As Christmas approaches Palatinate has taken it upon itself to ask the hard questions and look into how Durham Students feel about the holiday period.
119 students responded to our survey, answering questions from what was their favourite Christmas movie, to what was their favourite Christmas baked good, to the most serious question of all – what were their thoughts on Christmas jumpers?
Of the 119 respondents, only six did not celebrate Christmas. When asked if they took part in any other traditions instead one answered that they celebrate Diwali instead of Christmas. Another said that their Christmas tradition was to eat garlic shrimp!
But what do Durham students say: Merry or Happy Christmas? The answer: well, students went with the Americanised Merry Christmas over the more traditionally British Happy Christmas with 87% voting for the American saying.
And when is it okay to say Merry Christmas? When asked when the holiday period started most people believed that Christmas started on the 1st December. This was not the unanimous decision though, with some saying the Christmas period started as early as the end of Halloween, though the more popular answer being the middle of November. Some Scrooges among the student population believed that Christmas did not start until after term ended, with some going as far as claiming that even two weeks before was not the right time for the Christmas period to start.
Another popular element of Christmas for all primary school-aged children is the Christmas Nativity. We asked students to relive their primary school drama days and remember which role they played in their school’s nativity. The most popular role? That of an angel. This was followedby the role of the Wise Man, then the Narrator, then Mary, Mother of Jesus. Rounding off the top five was the coveted role of the Donkey. Special mention must be made to the people who played the nontraditional roles of a chicken, a spaceman and a frog. We are sureyour family took great delight in watching you in that starring role in your very conventional costumes.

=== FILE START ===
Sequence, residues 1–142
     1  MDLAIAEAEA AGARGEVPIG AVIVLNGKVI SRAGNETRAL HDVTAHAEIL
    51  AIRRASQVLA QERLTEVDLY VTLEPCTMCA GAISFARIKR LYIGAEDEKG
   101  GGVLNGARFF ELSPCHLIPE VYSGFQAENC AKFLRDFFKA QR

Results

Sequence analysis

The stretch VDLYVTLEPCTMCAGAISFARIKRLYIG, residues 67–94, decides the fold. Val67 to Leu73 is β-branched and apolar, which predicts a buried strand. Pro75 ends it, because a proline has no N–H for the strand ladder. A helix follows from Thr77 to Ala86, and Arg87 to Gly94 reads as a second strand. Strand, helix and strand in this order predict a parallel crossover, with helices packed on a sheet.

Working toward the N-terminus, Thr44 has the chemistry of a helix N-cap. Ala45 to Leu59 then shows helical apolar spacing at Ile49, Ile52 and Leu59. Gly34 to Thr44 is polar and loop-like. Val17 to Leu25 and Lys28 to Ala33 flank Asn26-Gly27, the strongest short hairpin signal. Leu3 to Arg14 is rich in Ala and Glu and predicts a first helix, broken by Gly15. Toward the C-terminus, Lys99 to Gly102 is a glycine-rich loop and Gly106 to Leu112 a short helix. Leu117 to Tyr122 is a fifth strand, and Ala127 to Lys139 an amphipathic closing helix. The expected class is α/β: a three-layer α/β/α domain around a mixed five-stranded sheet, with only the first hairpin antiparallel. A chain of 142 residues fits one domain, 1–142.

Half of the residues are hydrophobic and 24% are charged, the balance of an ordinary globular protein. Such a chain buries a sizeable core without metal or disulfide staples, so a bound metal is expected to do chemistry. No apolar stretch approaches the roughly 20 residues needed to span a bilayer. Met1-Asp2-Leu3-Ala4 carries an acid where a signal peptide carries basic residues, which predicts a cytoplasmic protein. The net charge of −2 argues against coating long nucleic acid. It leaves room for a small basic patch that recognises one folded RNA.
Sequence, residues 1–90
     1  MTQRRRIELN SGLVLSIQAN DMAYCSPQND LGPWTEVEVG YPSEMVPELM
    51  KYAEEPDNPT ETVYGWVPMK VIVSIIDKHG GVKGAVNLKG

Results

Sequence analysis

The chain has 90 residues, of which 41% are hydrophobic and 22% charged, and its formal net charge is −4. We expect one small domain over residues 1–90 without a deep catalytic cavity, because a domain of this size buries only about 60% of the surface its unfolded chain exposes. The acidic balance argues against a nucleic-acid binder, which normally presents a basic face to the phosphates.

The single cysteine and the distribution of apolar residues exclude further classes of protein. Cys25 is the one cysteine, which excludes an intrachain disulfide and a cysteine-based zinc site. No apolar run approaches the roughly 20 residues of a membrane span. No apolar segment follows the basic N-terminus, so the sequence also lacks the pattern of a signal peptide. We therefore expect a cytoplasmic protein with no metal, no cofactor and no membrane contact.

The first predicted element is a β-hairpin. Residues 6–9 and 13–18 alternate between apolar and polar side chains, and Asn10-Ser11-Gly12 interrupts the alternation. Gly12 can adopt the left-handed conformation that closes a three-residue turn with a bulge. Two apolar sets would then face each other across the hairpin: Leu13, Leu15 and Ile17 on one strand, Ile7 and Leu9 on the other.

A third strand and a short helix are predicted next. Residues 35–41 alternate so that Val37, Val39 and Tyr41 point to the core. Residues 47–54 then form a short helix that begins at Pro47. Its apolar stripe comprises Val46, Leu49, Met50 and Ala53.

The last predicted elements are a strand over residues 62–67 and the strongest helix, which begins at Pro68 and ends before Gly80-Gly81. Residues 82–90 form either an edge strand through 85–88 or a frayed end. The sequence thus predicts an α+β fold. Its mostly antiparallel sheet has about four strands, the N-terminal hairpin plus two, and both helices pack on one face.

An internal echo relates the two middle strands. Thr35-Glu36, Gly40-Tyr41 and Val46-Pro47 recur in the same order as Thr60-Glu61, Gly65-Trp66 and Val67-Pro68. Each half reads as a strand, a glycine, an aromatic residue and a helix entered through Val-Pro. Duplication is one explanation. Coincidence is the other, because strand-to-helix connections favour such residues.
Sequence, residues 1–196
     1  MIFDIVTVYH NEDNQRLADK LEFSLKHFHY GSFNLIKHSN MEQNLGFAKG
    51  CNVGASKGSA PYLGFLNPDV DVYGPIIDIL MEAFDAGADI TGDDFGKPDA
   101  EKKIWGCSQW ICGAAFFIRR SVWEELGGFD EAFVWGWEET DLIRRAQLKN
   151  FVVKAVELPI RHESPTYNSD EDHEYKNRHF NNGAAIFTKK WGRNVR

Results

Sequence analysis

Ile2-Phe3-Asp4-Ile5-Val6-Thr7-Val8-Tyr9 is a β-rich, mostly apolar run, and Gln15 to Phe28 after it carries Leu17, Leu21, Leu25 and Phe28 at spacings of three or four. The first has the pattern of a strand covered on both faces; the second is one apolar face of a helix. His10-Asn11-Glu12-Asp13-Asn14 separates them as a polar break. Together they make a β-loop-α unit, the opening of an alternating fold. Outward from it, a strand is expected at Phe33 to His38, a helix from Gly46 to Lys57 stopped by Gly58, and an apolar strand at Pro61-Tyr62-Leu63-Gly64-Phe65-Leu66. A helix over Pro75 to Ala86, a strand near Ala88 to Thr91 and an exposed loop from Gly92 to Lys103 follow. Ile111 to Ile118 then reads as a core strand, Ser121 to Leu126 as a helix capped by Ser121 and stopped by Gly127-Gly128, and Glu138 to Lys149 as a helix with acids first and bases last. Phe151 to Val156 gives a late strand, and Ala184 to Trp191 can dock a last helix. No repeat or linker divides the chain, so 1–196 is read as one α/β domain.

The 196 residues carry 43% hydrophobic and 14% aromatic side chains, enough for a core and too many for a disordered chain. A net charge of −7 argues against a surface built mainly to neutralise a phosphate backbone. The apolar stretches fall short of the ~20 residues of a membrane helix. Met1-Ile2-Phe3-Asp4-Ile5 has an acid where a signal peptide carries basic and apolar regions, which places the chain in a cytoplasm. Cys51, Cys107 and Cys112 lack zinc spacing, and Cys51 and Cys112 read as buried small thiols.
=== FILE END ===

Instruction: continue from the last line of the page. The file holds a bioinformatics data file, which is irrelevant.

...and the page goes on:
Talking about the Christmas wardrobe, Palatinate also asked for student’s thoughts on the divisive Christmas jumper. 71% of respondents liked Christmas jumpers, with 15% of respondents saying that they did not like them. 14% of students sat on the fence.
Finally, Palatinate asked students what was their favourite day of the holiday period. While the actual day itself ruled supreme with 49% of the votes, 37% of respondents preferred Christmas Eve over Christmas.
What the results of the survey show is that we all celebrate Christmas in our different unique ways, full of our own family tradition and history. But from all of us at Palatinate, to those who celebrate, MERRY CHRISTMAS!
A note from our Welfare Team: Christmas Loneliness
I love Christmas, the festive feels and obviously, the food. However, something I find challenging is the idea that Christmas must be a joyous time where we spend time with loved ones and feel an overwhelming sense of happiness. Because in reality, Christmas is a lonely time for many of us.
Christmas is said to be a time for connecting with friends, family and having fun. You can endlessly scroll on social media and see everyone else, seemingly having the time of their lives.
Christmas is a time of year when many of us feel lonely. For some of us, home is too far away, so we have to stay at university over the holidays, for others, family relationships are challenging and therefore going home to a setting full of tensions. For others, you may feel lonely in a room full of people. You are not alone.
This Christmas, if you are struggling, please do not feel alone – reach out to people, open up, don’t compare yourselves to others, look after yourself. If you need to seek advice over the Christmas holidays this year, here are two organisations that can give you some help and advice:
The Red Cross Support Line – 0808 196 3651
The Samaritans – 116 123
To those who love Christmas and find so much happiness and joy through the holidays, reach out to your friends and check in on them.
Image: Amana Moore